Restaurants are banning kids. And now too are brides and grooms. Let me explain…
When Alex and I got married, we hastily formed a minyan in our small New York apartment. At some point Alex offered to pull Jews off the street if not enough showed up. It was the perfect wedding for us, small and intimate.
But my mother was upset. After years of attending her friends’ kids’ weddings, buying gifts, and throwing them showers, she was being denied payback. She wanted to throw a big wedding with all the bells and whistles. Alex and I weren’t interested, but since I am an only child and the guilt was laid on thick, we agreed to a wedding reception in my hometown of Vancouver, B.C.
I could write a book about the drama that ensued. I must have cried every day for my entire first trimester (yes, I was pregnant under the chuppah) (no, not showing). Instead, I will share just one of the dilemmas we faced.
I have a cousin whom I am estranged from. Put more succinctly, he hates my guts. I understand that he has a mental illness, but that doesn’t make his outbursts any less scary. He is physically imposing and when he screams in my face, my heart rate goes through the roof. No one in our family does anything to protect me or reprimand him, which makes me feel very unsafe. I just don’t know if he is capable of turning violent, and I can’t count on anyone to stop him.
Since I was going to be five months pregnant at my wedding reception, I went into mama bear mode. No way was I going to allow the aforementioned cousin to be invited to the party. I could not put my unborn child at risk. And, quite frankly, I did not want someone who hated me at a celebration held in my honor. Bad joojoo.
My decision created tears, heartache, more estrangement, and even threats of legal action. It ended badly, and the ramifications are felt to this day.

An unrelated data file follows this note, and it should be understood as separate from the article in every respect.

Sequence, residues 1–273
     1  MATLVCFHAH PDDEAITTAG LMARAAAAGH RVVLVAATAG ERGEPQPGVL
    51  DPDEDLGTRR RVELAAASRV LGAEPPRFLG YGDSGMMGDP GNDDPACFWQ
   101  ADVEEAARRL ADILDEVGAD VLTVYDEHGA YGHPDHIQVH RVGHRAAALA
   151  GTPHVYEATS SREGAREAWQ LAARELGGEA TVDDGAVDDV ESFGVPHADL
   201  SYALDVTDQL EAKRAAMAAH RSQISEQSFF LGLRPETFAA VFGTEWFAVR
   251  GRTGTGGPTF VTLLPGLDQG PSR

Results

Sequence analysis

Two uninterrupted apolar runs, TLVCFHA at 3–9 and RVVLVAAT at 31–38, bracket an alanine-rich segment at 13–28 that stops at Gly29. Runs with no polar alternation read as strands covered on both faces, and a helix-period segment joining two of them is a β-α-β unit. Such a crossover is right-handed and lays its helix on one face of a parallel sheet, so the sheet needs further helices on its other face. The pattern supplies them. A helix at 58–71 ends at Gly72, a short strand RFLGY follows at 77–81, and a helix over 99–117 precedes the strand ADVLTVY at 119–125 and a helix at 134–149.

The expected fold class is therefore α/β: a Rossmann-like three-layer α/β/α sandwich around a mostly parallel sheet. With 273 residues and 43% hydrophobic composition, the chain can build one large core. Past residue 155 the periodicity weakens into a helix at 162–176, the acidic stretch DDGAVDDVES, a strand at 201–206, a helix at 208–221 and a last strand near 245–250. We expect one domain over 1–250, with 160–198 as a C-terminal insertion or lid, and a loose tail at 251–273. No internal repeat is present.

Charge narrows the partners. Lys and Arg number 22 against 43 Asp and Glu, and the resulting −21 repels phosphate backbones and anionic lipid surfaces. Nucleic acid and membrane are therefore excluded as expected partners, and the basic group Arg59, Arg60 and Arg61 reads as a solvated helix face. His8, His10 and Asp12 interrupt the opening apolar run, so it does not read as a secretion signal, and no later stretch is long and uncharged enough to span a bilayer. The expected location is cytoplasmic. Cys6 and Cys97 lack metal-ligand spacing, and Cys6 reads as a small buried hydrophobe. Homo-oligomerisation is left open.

I am now faced with a different cousin’s upcoming wedding in Vancouver that Alex and I were always planning on going to regardless of the cost, hassle, and inconvenience. The wedding is in October and conflicts with our getting settled in Austin and saving money to buy a house, but we feel it is important to travel for simchas (happy occasion) whenever possible.
Alex and I always assumed Aiven would come to the wedding with us… until we received the link to the wedding website. It dawned on me that the bride and groom are young hipsters wanting to throw the party of their lives. My clues: casino, “dress to impress”, and hired paparazzi. Gee, maybe a 1-year-old might not be welcome, family or not, out of town guest or not, because it might cramp their style. And, heaven forbid, he might make a noise during the ceremony because if he did it would just ruin everything, right?
My better judgment got a hold of me and I asked what wedding events Aiven could come to rather than just show up with him at the door. Turns out he is not invited to the ceremony or the dinner reception, but he can come to the one hour cocktail reception between the ceremony and the dinner. It was also recommended that I reserve a hotel room and a babysitter so we can enjoy the festivities. Well, finding a babysitter is next to impossible. All of my family is busy that night, because they will BE AT THE WEDDING, and I cannot imagine in a million years leaving Aiven in a hotel room in a foreign city with someone he has never met before.
Alex has offered to look after Aiven so I can attend the ceremony. The two of them will then meet up with me for the cocktail reception and then all of us will skip the dinner and dancing. This sucks, and it’s certainly not what I signed up for when I committed to go. However, it is the bride and groom’s prerogative.The last thing I want to do is cause drama because I know firsthand how awful that can turn out. Anyway, I love these cousins, so we will respect their wishes and make it work somehow.
It seems that other cultures are so much more welcoming of children at restaurants, weddings, and public places. What has happened to us that we think they are intrusive? When we visited Argentina, every waiter (no joke) played with Aiven and talked about their own children. The airport even had special lines reserved for diplomats and families with young children. At the recent royal wedding, which was filled with gravitas and decorum, children weren’t just invited — they were central figures in the celebration. Most Jewish holidays are celebrated with children as their audience.
Do we not have an obligation to include them in our simchas, especially the one that honors the union of two people and blesses their creation of a new family?